Live performance ensemble using max/msp.
Authors: Andrew Shoben, Neil Gavin, Christopher Lackey
"Words" is an installation in which participants enter a soundscape with three layers: Environment, Words, and User.
OMM is a robotic orchestra leaded by a human performer gestures.
pMix (short for preset mixer) is a composition and performance tool that facilitates the control of multiple plugin parameters using an intuitive graphical interface.
Alex Stahl is a veteran collaborator and this has never been more evident than in his collaboration with Composer Paul Dresher for the opera Schick Machine. As Robert Henke pointed out in the recent Max/MSP/Jitter Conference, Expo '74, many of us spend years working on the same Max patch. Alex Stahl has spent years developing the Max/MSP patches that are at the core of Schick Machine. Along the way he's developed skills that landed him a fascinating job at Pixar Studios. Collaboration can be quite useful in this world. Read more...
Eowave has introduced another product in their line of sensor to MIDI interfaces called the Eobody2 HF, a wireless sensor to USB MIDI device. Building on the user-friendly and rock solid USB MIDI technology used in other recent Eobody boards, the HF allows you to place interactive sensor electronics on dancers, small objects, or anything else where cables would get in the way. Now that we have some of these in stock at the Cycling '74 office, I sat down to give them a thorough run-through to see how it all works.
An amazing artist with an amazing range of work, read the interview of Noriko Matsumoto by Greg Taylor.
I will try to summarize here what I thought were some of the highlights of NIME 2009...
I'd like to share some really simple things that have worked for me that I hope you'll find useful, or that may provide a starting point for your own investigations.
Many of us are invited to perform in unique circumstances – it’s a part of the Digital Media life. Recently, we’ve been featuring some interesting examples of Max-based work, including Andrew Benson’s work with M.I.A. and Dana Karwas’ installations. So when I was asked to play with an electronic music All-Star Band, I couldn’t help but document the experience.
On the afternoon of April 3rd, I received an email from M.I.A.'s manager asking if I'd be interested in working with them on a one-off show on the mainstage at Coachella that would feature live video processing... Upon reflecting, I would also like to share a couple of valuable lessons I learned working on this production...
In this installment, we'll be working on some more advanced ninja tricks - creating the beginnings of a control/preset structure with assignable LFOs, and building a GPU-based video delay effect. These two parts will bring our system to a much more usable level, and allow for much more complex and interesting results. Ironically, most of what we are really doing in this installment is just an extension of bread-and-butter Max message passing stuff.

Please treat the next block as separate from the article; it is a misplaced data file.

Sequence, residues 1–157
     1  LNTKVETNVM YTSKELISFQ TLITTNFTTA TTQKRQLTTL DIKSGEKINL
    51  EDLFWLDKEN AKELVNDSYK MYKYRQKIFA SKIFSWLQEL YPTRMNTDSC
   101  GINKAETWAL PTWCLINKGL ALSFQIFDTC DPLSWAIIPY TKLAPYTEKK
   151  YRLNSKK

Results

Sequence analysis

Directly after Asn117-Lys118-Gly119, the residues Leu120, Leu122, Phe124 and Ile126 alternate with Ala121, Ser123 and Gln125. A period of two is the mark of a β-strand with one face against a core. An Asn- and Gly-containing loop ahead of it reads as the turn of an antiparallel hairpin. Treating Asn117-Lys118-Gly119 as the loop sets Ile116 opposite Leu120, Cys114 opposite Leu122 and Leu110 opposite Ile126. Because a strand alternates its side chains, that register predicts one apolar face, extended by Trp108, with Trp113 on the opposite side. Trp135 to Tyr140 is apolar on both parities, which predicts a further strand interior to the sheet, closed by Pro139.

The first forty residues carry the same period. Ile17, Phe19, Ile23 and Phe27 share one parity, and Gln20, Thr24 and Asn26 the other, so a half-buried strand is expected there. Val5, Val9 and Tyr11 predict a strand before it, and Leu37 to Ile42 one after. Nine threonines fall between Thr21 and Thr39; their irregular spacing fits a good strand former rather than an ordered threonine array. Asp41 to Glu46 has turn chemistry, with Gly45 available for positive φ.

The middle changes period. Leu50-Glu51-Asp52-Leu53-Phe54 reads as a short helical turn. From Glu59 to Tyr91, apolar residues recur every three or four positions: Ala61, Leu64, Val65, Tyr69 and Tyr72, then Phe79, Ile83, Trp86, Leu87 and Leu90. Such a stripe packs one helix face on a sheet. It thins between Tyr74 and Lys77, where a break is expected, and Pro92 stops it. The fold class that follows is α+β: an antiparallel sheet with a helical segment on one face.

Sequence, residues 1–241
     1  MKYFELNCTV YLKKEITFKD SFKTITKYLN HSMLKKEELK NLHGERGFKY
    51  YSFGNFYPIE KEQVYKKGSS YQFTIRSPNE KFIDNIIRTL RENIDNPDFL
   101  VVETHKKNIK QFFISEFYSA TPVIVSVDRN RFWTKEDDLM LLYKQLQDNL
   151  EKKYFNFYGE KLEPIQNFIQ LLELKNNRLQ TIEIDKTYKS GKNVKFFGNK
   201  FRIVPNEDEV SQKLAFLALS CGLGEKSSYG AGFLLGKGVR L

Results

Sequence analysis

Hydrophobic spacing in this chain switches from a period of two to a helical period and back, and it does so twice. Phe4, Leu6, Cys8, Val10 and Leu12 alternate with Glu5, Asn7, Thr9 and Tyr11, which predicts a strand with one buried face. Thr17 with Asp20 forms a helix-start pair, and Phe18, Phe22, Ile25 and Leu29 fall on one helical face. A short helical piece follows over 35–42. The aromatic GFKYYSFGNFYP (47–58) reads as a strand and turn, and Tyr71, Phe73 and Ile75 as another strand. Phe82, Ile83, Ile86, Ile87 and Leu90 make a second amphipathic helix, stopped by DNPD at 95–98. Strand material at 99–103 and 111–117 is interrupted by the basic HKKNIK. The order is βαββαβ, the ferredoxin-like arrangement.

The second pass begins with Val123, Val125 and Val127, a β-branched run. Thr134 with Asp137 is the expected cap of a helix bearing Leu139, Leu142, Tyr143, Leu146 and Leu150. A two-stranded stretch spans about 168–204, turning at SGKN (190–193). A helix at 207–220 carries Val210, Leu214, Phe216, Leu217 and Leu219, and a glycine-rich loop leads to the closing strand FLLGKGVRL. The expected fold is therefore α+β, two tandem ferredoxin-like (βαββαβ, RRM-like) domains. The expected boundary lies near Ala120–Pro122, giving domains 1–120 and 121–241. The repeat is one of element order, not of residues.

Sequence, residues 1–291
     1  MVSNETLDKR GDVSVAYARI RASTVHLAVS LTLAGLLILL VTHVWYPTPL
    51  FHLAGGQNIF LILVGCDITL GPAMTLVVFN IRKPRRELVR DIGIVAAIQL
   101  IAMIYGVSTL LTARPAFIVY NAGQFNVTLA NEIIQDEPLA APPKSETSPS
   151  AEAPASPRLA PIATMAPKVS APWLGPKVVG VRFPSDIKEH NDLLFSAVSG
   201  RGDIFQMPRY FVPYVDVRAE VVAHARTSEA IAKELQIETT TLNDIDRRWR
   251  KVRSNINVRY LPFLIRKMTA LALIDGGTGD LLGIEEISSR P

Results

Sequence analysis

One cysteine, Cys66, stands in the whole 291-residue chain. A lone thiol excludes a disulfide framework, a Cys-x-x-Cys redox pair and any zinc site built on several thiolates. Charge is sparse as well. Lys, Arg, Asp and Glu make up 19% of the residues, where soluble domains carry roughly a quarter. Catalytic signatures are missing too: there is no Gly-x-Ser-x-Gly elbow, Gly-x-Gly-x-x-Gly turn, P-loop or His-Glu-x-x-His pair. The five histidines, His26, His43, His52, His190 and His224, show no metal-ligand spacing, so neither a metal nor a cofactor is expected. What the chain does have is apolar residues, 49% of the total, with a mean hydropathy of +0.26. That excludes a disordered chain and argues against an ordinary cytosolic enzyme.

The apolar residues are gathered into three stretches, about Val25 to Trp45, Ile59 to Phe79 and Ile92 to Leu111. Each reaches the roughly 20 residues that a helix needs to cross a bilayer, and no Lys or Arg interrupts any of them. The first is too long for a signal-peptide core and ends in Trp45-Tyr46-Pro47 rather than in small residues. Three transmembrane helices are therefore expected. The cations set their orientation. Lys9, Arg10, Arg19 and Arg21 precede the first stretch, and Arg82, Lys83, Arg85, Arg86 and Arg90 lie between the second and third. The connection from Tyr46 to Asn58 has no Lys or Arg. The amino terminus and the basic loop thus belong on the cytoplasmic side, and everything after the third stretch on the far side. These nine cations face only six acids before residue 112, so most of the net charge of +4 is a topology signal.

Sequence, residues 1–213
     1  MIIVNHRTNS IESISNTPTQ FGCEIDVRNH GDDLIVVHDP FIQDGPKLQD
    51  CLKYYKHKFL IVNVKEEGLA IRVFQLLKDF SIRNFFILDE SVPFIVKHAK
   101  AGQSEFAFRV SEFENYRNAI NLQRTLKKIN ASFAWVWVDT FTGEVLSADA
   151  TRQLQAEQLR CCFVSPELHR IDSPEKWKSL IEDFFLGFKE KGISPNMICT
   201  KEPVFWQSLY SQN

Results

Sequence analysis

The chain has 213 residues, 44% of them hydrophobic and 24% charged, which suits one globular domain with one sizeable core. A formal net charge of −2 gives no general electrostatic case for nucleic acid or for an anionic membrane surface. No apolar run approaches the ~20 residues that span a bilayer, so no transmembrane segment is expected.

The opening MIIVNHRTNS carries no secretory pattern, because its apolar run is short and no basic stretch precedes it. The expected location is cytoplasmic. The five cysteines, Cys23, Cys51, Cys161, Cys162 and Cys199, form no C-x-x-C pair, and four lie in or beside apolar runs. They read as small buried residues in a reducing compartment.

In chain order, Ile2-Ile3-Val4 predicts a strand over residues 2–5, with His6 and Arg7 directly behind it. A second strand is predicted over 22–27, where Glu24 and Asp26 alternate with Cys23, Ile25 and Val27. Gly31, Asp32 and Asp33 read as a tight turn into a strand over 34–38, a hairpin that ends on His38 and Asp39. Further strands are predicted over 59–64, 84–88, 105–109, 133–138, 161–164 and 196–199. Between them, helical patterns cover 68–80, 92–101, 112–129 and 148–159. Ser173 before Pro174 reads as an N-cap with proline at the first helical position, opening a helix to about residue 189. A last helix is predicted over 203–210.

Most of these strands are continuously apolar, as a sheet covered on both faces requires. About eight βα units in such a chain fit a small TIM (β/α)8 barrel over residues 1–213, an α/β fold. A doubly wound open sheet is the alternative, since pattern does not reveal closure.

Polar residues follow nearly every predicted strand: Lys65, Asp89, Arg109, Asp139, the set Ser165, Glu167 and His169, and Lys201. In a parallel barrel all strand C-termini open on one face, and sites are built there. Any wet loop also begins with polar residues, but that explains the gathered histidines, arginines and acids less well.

Keith McMillen Instruments recently impressed all of us at NAMM with demonstrations of a new pair of string performance devices, the K-Bow and StringPort, both of which include some very rich software applications written in MaxMSP. The K-Bow, a bluetooth-based wireless gestural controller integrated into a violin bow, has just started shipping so we thought it would be a good time to catch up with Keith and find out more about the project. I met Keith at his studio...
In this, the final episode of our guitar processing extravaganza, we are going to step away from making effects and focus on performance support. For a system as complicated as this, performance support means two things: patch storage and realtime control. Thus, we will learn to create a preset system and manipulate the various on-screen controls with an inexpensive MIDI footpedal system.
At this point, we have a pretty useful guitar processing "rack", but it could use a little spice. This spice will come from two additional processors: a looping delay unit, and a basic reverb system. Also, to help keep the output useful, we will drop a limiter on the back end of the entire rig.
Between the tutorials, Jitter Recipes, and all of the example content, there are many Jitter patches floating around that each do one thing pretty well, but very few of them give a sense of how to scale up into a more complex system. Inspired by a recent patching project and Darwin Grosse's guitar processing articles, this series of tutorials will present a Jitter-based live video processing system using simple reusable modules, a consistent control interface, and optimized GPU-based processes wherever possible. The purpose of these articles is to provide an over-the-shoulder view of my creative process in building more complex Jitter patches for video processing.
In the last article, we added some basic tonal effects: distortion/overdrive and EQ/filtering. This time, we will expand our virtual effects rack to include both a phase shifter and a full-featured modulating digital delay. As we add these effects, you will begin to see why a DIY effects system can trump any commercial product.
These days it seems that everyone wants to be an artist so I found it refreshing to meet someone who see himself as an engineer that wanted to create tools for artists. Mattijs Kneppers spoke to me by phone from his home in Holland.